STEMS4GIRLS closing achievement gap

Kaye Crawford is the Founder of STEMS4GIRLS, a STEM literacy and enrichment program in Tallahassee.
Photo courtesy: Cilicia Anderson

Underrepresentation of Black people in science, technology, engineering, and
math (STEM) fields is a result of limited access to quality education, and lack of
encouragement to pursue jobs in STEM from an early age.

As an advocate for high-quality early childhood education, Kaye Crawford is
promoting equity and inclusion in STEM through her non-profit Tallahassee-
based organization, STEMS4GIRLS. The organization offers a STEM literacy
enrichment and tutoring after-school program as well as youth community service
and civic engagement opportunities.

Crawford said that the idea for STEMS4GIRLS had been percolating for a
number of years. With a master’s degree in early childhood education and a
passion for nurturing children’s interest in STEM studies, Crawford strives to build
mentorships between youth participants and STEMS4GIRLS volunteers through
interactive individual and group tutoring sessions.

“Being retired, I felt that I had an opportunity to give back to the community and
help youth that are struggling and may not have access to the resources to get
help,” Crawford said. “The cost of tutoring can be relatively expensive, so I
thought I could help by offering a tutoring service for those young children that
had great potential but just needed some extra support. That was the beginning
of how I put together this big dream with the idea that no child should be left

Its location in Tallahassee offers a pipeline of student volunteers between three
major campuses — Florida State University, Florida A&M University and
Tallahassee Community College. Volunteers work with skilled education
professionals to create a curriculum to the Florida Department of Education’s

While students from grades 2-12 can benefit from tutoring support, volunteers
like 20-year-old FAMU computer science student Alaisha Johnson, gain
experience in leadership and curriculum development.

“It’s been wonderful watching the children develop, grow and find new interests
and passions,” Johnson said. “It’s fun watching them become interested in the
topics and learn and get excited when they get their answers right. It’s been fun.”

Johnson believes that showing children they can continue learning outside of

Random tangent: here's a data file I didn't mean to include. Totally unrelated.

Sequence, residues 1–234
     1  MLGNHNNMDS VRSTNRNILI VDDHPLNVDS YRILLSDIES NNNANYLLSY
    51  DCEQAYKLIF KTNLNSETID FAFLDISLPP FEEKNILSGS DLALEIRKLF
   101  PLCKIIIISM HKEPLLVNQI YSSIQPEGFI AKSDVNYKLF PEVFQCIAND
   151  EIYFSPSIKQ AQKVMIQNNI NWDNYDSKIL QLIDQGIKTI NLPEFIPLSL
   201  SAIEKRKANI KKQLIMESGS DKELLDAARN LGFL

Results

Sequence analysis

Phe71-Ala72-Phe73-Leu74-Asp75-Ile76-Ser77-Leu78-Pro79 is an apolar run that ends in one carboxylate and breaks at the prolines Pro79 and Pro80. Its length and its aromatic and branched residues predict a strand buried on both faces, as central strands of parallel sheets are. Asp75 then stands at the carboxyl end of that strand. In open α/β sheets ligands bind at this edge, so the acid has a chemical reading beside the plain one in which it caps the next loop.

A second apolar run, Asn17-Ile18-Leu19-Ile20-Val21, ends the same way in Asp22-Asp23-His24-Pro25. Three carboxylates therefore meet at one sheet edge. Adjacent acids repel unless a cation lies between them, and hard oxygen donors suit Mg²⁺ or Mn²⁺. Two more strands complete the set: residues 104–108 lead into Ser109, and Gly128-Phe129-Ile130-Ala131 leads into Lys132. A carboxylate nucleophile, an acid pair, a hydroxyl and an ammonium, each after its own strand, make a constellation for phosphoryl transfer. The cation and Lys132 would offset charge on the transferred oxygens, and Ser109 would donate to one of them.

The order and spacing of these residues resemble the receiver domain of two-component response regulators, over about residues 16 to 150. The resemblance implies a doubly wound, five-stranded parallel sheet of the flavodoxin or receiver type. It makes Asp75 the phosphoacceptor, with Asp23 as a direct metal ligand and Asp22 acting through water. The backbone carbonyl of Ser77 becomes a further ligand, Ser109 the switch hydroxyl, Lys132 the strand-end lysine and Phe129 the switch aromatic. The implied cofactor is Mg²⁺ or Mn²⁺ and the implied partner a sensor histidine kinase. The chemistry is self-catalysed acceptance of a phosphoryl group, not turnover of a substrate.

school helps them connect their lessons to real world scenarios, keeping them
engaged in the presentations and activities they do at STEMS4GIRLS.

“I feel like the children are responding very well to the curriculum,” Johnson said.
“ You can tell that they’re very engaged and they’re enjoying it. They’re answering
questions, laughing, giggling, giving examples. I feel like that’s a great way of
showing that they’re interested and excited to learn.”

Over the years, Crawford has seen many children come into the program with
limited opportunities to explore STEM concepts. After being given the
opportunity, Crawford said she has witnessed increased interest and curiosity in
children like fifth-grader Savannah Washington.

“I really like science and math,” Washington said. “We do presentations and
activities to exercise the subjects. The volunteers are really patient with the kids,
including me, and they also make sure that we understand. They’re fun and
energetic. I like the group sessions because if I don’t know something, somebody
else might know something. Therefore, they can give information on how they
learned it and how they remembered it. “

Seeing their grades improve in STEM subjects reassures Crawford that the
children not only understand the concepts, but improve their literacy and
vocabulary so that when they’re in the classroom, they can comfortably engage
in the conversation.

“As much as the kids are growing, I feel like I am growing as well,” Crawford said.
“I am developing and honing latent leadership skills that were there, and are now
coming to fruition. I think that it gives me a sense of purpose that I may not have
had the opportunity to challenge had I not started my own business.”